Staggering the Line

The line I stagger, the line many people with relapsing-remitting multiple sclerosis (RRMS) stagger, walk, or straddle, wavers over time, from time to time. It jumps, rolls. It scribbles.

Line 1

In the exam room, we walk the line, heel-toe, if we can. When we can. The line does not reveal itself, nor does it reveal the effort exerted to trace its trajectory. We imagine the line there before us, a tightrope. Someone is usually there to catch us, white sleeved safety net, in case we stumble.

Line 2

The line divides. Some say the line defines us. On one side we are disabled. On the other, we are able-bodied. What is seldom recognized is that for people with RRMS, that line is hard to locate. I’ve sent out search parties, but none have returned. Meanwhile, the arch of my left foot absorbs the line and holds it as numbness. At such moments, the line reminds me of its potential to push me one way or another.

Or is the line ever-permeable, a barrier that absorbs qualities from either side? Quite possibly, this is where I live. It has its comforts.

Line 3

The line wants to determine our needs. If symptom y is x, then treatment z is needed. I never know when. At what point, for instance, are steroids needed? The line determines certain treatments to be necessary even if you haven’t crossed the line. In this regard, the line categorizes us all as one. Take your medicine, the line says, regardless of symptom. For some, its necessity is hard to believe. It might be easier to understand, in time. Some say the treatment’s worse than the medicine. I’ve been there. But there are many medicines now, says the line, encouragingly. The line reminds us of illness, but the line reminds us of life. These are not opposites.

Line 4

The line says keep moving along, as long as possible. The line claims to be infinite. Sometimes the line says cane or it says walker. The line says wheels and chair. The line tries to measure necessary assistance, who needs what and for how long. The line told me long ago, “You don’t need recordings for the blind. This is temporary.” Just how temporary, the line never divulges. The line has also told me, “You don’t need a scooter. Think of the money. You can still muddle through in the heat.” During the year I couldn’t drive, I thought of installing hand controls in my car, but never did. Seven years later, my hand quit, crossed the line.

Where is the equation measuring the bisecting lines of need and time? If we had one, would we trust it? Would it know us?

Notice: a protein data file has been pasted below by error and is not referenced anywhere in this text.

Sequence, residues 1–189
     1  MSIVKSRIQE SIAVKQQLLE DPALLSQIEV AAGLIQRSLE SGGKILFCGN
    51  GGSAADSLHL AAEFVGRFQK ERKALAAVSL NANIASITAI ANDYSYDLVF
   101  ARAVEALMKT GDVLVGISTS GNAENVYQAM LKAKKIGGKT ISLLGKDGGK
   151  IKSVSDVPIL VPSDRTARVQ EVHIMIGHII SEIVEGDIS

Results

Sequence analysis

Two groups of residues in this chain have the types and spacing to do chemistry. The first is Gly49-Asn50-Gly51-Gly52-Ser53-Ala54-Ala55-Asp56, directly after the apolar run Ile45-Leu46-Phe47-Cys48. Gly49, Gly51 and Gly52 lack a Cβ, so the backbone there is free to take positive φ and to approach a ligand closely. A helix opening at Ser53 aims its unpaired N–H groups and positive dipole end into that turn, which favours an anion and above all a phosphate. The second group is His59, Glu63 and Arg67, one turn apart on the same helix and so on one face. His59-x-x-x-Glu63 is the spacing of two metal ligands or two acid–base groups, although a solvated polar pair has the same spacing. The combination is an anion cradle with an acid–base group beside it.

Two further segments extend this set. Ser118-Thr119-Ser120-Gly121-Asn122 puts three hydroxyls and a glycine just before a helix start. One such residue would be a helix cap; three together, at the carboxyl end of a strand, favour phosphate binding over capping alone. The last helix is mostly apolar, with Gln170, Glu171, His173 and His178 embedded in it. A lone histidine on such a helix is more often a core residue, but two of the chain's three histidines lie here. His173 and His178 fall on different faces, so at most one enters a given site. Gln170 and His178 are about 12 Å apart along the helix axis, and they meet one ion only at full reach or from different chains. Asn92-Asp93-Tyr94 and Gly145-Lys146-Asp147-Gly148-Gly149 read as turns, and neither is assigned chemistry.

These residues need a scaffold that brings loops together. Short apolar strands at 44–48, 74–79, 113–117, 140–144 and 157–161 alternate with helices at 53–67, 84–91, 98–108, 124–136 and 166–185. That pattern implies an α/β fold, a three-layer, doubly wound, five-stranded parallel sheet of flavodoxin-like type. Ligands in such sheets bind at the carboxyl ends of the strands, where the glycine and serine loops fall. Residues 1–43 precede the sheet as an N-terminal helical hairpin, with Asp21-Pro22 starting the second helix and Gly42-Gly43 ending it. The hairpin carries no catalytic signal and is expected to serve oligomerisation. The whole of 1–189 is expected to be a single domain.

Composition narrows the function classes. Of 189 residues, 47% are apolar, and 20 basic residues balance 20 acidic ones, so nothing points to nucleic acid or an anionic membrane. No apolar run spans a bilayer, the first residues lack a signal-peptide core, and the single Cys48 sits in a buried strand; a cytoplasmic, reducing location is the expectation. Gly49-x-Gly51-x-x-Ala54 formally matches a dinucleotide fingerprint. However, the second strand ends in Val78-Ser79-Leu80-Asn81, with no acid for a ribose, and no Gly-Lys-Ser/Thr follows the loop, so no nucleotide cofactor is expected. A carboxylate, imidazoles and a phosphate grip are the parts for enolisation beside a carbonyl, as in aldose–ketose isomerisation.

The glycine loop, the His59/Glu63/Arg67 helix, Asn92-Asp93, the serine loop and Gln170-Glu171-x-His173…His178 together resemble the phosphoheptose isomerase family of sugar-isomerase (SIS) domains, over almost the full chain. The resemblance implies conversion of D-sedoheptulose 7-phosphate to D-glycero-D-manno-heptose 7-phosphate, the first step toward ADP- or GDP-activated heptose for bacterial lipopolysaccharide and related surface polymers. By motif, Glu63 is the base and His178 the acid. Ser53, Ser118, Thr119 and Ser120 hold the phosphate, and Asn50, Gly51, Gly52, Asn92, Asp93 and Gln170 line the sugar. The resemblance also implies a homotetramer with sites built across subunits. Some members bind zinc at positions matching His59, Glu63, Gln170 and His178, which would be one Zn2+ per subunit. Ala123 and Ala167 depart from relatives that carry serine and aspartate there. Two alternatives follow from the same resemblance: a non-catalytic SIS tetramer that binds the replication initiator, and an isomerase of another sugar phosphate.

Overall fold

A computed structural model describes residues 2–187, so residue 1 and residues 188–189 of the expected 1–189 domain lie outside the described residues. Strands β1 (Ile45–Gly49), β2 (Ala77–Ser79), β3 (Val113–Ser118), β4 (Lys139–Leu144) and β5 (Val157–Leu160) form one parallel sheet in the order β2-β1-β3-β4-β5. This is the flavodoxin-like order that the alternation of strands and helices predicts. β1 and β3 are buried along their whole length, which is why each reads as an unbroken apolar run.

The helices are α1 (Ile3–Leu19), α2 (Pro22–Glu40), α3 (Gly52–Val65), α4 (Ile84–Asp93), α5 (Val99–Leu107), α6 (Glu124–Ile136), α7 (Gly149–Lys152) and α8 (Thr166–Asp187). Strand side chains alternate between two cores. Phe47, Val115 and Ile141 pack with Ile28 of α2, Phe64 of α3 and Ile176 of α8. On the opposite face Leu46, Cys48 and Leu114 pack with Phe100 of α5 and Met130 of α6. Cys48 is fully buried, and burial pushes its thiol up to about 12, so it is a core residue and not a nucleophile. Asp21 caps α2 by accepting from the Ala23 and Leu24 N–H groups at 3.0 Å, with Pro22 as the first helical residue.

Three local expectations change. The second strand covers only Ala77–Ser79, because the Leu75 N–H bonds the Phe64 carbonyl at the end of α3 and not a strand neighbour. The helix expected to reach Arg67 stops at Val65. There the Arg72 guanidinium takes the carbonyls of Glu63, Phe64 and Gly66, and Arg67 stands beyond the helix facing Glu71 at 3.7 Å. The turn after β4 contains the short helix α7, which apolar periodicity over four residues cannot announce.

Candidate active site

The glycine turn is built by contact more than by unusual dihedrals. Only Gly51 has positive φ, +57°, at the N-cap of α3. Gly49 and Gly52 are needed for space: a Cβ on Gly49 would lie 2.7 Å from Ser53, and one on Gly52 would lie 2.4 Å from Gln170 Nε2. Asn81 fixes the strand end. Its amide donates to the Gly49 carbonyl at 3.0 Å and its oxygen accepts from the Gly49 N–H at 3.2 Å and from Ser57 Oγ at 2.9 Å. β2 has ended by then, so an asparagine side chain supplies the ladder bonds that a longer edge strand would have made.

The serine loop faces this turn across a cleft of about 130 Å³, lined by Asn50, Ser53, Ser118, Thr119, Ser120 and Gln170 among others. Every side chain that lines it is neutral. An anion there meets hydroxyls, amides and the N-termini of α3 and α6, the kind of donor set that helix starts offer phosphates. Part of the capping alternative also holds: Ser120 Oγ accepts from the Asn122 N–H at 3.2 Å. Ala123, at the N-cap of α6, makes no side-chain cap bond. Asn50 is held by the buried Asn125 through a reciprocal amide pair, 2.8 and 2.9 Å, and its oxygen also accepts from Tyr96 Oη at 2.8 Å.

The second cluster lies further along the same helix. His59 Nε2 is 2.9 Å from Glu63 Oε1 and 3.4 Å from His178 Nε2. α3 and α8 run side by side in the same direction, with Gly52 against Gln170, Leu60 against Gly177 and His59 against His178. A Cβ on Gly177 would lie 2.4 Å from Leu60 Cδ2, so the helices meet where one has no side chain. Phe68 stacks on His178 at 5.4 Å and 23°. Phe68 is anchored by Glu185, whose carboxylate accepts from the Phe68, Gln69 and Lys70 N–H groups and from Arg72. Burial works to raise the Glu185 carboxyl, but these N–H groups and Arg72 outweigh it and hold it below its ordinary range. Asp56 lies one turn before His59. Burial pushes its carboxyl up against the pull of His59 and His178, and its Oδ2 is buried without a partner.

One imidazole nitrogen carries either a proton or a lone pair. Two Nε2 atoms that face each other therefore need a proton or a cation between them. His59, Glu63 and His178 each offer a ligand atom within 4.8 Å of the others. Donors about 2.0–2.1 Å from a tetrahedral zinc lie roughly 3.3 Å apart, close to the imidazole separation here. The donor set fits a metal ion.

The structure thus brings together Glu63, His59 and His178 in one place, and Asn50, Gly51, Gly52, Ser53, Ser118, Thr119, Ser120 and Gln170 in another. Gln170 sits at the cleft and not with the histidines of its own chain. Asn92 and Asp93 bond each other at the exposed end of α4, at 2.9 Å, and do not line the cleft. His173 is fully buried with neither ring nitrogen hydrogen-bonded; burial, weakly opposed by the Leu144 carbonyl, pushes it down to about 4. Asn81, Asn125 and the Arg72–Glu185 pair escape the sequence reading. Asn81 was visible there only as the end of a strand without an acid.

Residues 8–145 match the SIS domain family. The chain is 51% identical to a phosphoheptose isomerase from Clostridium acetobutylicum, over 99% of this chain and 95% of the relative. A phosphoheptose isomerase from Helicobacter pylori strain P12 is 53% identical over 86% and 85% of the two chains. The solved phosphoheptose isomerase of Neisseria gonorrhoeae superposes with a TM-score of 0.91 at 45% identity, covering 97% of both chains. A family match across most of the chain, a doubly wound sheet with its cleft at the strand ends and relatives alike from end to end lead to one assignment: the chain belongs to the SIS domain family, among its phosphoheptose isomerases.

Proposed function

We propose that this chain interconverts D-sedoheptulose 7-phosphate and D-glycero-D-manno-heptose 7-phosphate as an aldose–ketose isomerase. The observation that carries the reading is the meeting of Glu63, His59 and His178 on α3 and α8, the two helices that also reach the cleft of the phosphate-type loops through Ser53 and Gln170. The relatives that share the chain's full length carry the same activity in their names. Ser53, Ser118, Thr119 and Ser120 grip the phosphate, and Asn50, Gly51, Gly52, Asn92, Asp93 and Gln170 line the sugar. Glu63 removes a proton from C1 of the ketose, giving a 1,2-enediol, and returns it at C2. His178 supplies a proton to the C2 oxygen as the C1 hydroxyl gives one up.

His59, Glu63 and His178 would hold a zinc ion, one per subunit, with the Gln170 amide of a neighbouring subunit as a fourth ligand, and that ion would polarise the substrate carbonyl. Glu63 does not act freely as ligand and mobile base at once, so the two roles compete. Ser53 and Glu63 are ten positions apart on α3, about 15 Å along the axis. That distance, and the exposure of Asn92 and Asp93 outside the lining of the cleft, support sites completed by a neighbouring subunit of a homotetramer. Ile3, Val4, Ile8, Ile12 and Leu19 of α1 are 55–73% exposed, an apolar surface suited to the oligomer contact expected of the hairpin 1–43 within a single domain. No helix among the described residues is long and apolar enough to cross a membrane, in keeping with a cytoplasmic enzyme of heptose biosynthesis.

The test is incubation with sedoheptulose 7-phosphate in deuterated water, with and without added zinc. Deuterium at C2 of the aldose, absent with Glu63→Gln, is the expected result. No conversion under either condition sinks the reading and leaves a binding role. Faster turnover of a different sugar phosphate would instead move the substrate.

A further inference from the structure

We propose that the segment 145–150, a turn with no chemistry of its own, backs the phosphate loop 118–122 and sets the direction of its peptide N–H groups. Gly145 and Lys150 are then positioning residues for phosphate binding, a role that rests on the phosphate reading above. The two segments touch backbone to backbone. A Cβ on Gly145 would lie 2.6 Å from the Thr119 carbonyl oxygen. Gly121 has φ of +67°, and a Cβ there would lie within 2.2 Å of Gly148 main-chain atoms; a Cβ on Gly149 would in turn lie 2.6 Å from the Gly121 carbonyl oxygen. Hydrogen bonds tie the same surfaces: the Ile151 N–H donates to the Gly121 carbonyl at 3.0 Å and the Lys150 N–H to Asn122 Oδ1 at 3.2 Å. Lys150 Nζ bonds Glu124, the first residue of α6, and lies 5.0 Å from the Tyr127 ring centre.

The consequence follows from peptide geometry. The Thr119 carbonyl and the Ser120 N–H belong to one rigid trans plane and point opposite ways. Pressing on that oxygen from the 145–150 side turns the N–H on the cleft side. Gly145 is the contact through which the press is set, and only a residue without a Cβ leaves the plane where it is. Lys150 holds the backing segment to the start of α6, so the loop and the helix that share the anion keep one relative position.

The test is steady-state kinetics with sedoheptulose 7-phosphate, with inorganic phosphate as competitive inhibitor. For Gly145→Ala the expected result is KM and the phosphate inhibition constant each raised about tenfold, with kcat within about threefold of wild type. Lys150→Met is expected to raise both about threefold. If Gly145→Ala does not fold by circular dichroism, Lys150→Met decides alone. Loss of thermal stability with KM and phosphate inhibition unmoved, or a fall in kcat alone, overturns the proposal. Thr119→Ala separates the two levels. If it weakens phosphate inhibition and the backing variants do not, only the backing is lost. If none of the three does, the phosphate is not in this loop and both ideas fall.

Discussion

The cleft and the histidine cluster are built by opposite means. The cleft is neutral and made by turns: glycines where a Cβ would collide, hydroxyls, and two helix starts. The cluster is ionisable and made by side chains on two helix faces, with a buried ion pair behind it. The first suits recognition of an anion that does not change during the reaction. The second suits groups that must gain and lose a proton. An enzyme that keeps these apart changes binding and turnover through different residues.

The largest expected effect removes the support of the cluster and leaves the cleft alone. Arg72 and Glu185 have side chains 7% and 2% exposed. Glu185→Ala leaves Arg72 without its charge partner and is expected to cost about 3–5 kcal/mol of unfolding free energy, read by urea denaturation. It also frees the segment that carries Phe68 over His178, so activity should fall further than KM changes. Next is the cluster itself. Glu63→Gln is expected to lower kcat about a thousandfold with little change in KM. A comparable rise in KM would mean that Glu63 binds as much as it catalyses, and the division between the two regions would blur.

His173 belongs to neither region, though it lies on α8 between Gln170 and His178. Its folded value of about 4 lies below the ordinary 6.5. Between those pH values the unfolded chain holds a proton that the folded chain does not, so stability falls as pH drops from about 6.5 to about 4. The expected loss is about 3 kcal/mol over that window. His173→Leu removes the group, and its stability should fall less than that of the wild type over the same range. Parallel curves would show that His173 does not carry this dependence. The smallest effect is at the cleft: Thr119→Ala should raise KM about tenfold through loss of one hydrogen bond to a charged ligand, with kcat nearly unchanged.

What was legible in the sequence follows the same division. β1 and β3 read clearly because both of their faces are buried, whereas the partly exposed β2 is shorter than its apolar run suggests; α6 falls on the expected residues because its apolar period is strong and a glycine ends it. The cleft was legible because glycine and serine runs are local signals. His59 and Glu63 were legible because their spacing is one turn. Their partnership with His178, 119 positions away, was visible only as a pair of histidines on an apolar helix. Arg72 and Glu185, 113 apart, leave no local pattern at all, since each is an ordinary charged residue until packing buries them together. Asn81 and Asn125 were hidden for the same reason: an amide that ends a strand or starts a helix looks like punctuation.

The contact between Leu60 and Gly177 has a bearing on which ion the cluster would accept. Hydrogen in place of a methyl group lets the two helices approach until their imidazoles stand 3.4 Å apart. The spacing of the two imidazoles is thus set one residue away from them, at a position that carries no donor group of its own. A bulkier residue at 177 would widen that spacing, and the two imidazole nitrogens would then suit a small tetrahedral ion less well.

Line 5

If I lay all my canes on the floor tip to tip, they form a single line. The walker, the chair, are intricate, sturdy sets of lines. The wheel, if you unpeel it, is an unending line. Harmless. These lines can be stronger than any dividing line.

Have you ever seen through a line? After MS affected my vision, I wore bifocals for a while to help me read. My gaze often rested on the line between the upper (distance) and lower (near) portions of the lens. This beveled edge blurred and burned as it caught light, too painful, but also a reminder of my recovery. As though near and far folded in on themselves, the line diminished any difference or division, any clarity, leaving only an indefinable haze for a moment, until I turned my gaze elsewhere.

The other day, in line at the post office, I was instructed to tape my own package. The dispenser was heavy and cumbersome. Instead of a straight line, the tape came out folded or crinkled, its “Priority Mail” inscrutable. How could I tell the clerk that I needed help when I appeared fully able? I crumpled the tape I couldn’t use into a large tangled ball, and kept trying to get the lines straight.

13 Appreciate this
Laurie

Laurie Clements Lambeth, Author

Laurie Clements Lambeth’s MS diagnosis at the age of seventeen brought her to poetry. Her first book Veil and Burn (University of Illinois Press, 2008) was selected for the 2006 National Poetry Series. Currently at work on her second poetry collection and a book of creative nonfiction about MS, she also teaches in the Medicine and Society program at the University of Houston, where she earned MFA and PhD degrees in Creative Writing. To learn more about her work, please visit www.laurieclementslambeth.com